There’s no rumour yet of an empty tomb,” Rev. Bruce Ervin says to me over lunch at a Tim Hortons. Though the minister of Knox Agincourt United in Scarborough, Ont., is an eloquent speaker, his answer is more than cryptic — it’s downright confusing. All I’d asked was what he thought about church regionalization. Then again, the concept itself isn’t that simple, either.
According to some, regionalization is the future of the United Church — and lies tucked away in the meeting notes and annual reports of two Presbyteries in suburban Toronto. By now the idea is more than five years old, and no one really talks about it. Not that it’s secret. The concept of regionalization — consolidating churches and resources over large areas — has popped up in Presbyteries across Canada as a possible solution to declining membership and dwindling finances. Though it sounds like amalgamation, regionalization is a little broader, and could mean sharing staff, combining outreach programs or joining an entire region of congregations together. Some say it’s the United Church’s only option for survival. Others think it’s a one-way track to congregational confusion. And Ervin, one of the few willing to talk about it, shrouds his opinion in Bible references.
Ervin first arrived at Knox Agincourt United in 2002. At the time, the Presbytery (then called Scarborough, now Toronto South East) was involved in Spirit Work, a program designed by Scarborough Presbytery to rethink congregational development. One of the phrases that came up repeatedly was “transformative change.”
“That’s nice to put down on paper,” says Ervin over his chili lunch, “but what would that look like?” Some participants of the ongoing program started toying with the idea of physical restructure, he says.
“We’re not really 20 separate congregations in this Presbytery,” he says. “We are The United Church of Canada in Scarborough, engaged in ministry at 20 different sites.” Maybe, a few Spirit Work members thought, some things could be consolidated: deploy more staff to fewer sites; synchronize programming; close some churches and build bigger ones.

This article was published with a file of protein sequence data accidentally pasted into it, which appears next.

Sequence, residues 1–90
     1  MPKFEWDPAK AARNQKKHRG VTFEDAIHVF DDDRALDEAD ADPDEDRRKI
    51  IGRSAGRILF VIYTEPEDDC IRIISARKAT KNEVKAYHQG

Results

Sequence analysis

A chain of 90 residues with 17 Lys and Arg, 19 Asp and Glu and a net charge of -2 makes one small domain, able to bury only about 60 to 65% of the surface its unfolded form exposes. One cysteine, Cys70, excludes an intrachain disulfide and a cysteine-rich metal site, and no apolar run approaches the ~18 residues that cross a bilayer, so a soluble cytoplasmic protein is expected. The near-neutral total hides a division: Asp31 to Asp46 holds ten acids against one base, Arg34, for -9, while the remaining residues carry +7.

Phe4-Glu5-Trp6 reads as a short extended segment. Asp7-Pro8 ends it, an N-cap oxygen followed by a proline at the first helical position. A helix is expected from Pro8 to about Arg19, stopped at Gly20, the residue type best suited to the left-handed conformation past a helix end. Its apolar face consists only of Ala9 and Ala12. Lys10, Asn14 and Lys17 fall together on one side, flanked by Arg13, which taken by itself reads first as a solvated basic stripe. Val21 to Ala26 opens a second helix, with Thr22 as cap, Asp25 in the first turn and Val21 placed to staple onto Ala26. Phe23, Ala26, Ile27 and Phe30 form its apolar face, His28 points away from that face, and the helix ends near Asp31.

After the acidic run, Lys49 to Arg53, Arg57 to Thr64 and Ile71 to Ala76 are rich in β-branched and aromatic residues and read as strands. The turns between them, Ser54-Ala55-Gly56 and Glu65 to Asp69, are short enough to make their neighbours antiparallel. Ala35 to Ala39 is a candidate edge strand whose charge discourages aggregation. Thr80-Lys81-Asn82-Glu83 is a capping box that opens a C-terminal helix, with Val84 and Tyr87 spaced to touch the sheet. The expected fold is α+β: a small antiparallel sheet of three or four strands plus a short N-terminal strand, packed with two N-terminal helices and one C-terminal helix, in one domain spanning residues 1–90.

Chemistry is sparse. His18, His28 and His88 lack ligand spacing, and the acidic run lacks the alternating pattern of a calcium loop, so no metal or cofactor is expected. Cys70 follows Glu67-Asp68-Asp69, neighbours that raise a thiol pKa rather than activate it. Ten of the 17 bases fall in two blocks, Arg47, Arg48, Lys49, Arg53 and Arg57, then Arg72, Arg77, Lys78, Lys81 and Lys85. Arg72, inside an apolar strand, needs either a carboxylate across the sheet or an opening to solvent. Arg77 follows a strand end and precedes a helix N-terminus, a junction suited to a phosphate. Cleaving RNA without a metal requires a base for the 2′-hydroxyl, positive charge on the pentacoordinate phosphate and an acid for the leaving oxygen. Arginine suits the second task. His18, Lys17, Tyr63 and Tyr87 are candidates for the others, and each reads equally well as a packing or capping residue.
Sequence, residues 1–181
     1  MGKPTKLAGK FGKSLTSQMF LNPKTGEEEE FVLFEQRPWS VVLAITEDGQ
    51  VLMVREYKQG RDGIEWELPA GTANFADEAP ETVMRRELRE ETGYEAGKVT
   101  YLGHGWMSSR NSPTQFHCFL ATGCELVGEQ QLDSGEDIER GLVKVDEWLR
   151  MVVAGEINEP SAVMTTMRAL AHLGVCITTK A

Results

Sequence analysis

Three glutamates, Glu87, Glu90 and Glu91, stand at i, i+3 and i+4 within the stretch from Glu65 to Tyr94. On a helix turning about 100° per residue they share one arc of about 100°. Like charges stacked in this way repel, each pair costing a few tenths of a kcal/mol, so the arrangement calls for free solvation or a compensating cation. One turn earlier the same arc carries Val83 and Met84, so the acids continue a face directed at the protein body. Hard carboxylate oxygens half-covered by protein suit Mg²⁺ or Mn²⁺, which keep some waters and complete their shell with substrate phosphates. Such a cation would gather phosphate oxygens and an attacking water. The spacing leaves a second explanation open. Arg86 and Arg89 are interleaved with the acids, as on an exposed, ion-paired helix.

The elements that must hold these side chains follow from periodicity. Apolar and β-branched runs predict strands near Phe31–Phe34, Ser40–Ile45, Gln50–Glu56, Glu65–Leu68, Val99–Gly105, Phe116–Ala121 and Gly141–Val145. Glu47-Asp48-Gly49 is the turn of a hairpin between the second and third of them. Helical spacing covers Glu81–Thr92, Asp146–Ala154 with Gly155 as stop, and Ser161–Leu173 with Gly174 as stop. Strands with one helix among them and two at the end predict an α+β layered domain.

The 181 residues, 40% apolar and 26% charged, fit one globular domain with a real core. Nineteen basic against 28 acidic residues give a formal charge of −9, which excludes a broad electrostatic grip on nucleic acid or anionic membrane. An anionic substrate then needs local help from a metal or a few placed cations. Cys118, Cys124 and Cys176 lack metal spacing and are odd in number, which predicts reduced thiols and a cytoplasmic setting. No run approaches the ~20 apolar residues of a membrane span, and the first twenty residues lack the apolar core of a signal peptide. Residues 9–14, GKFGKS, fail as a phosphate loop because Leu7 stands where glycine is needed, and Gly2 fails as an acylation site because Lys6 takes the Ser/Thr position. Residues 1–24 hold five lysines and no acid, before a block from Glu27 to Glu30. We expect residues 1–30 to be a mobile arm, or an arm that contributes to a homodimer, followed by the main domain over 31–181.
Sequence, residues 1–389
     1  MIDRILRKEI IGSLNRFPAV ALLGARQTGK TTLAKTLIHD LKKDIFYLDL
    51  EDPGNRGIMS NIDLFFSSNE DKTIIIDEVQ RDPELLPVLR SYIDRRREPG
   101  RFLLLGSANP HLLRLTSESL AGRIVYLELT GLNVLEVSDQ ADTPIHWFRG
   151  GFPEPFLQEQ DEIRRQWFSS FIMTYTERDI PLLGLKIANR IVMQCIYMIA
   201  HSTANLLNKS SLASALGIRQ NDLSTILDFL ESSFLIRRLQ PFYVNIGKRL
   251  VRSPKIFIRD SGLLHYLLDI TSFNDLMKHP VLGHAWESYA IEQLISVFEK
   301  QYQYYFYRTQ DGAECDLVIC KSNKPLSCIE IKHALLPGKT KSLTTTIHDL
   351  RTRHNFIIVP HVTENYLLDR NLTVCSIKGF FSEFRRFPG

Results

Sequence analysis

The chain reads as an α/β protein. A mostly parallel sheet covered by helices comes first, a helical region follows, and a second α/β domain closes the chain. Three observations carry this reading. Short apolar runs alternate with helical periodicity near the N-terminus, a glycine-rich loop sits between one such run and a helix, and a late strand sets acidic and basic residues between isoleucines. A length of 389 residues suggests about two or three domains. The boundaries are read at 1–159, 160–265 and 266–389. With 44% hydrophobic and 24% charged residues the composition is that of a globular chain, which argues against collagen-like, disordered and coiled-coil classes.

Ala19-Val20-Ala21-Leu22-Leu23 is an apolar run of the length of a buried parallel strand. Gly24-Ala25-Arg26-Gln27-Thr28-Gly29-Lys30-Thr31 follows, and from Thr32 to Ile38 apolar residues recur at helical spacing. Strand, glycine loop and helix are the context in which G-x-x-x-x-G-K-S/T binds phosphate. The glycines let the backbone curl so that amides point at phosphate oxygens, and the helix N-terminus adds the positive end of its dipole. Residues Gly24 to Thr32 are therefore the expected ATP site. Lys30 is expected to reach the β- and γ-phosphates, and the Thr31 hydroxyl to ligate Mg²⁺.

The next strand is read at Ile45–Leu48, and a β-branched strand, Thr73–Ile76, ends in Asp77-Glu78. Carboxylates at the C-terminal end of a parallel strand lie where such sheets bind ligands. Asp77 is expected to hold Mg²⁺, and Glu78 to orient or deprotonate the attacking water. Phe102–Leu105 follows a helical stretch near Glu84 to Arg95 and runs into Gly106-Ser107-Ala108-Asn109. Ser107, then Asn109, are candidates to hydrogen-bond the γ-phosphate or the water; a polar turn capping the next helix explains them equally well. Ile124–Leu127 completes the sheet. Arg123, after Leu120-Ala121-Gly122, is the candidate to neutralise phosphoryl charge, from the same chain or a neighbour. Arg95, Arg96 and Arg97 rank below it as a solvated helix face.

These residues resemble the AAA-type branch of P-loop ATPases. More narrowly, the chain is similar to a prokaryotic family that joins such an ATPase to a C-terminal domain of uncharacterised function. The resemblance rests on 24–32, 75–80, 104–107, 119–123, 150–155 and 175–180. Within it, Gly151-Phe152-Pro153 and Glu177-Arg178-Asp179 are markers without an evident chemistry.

Eventually, Spirit Work participants took their idea to the Toronto United Church Council (TUCC), a development organization for United churches in the Toronto area. Executive director Rev. Vince Alfano had already been thinking about it. “If you’re in a congregation with 20 people,” says Alfano, “and you want to study Scripture or do Meals on Wheels or whatever, where do you get the people to do it?” He was intrigued by a possible solution in Melbourne, Australia, that seemed to be working. Called the Northern Community Church of Christ, this regionalization project of the Uniting Church of Australia also refers to itself as the “one church with many congregations.” The church building now accommodates eight independent congregations and multiple outreach programs in one facility. Alfano immediately saw the advantage. TUCC and Spirit Work established a task force in the spring of 2005, which Ervin chaired, and a kind of travelling road show was set up.
For almost 50 years, United churches in the urban and suburban pockets of Canada had a pretty straightforward life. From the 1930s onward, churches were built for neighbourhoods; their members worked, shopped and worshipped locally. But in recent decades, once-dense United Church populations have dispersed throughout cities and their suburbs. Individual neighbourhoods no longer have the United Church member concentrations to support a church, or any single faith community for that matter. “Once you undergo the kind of demographic shift that Scarborough went through, there’s such a cultural mix,” says Ervin.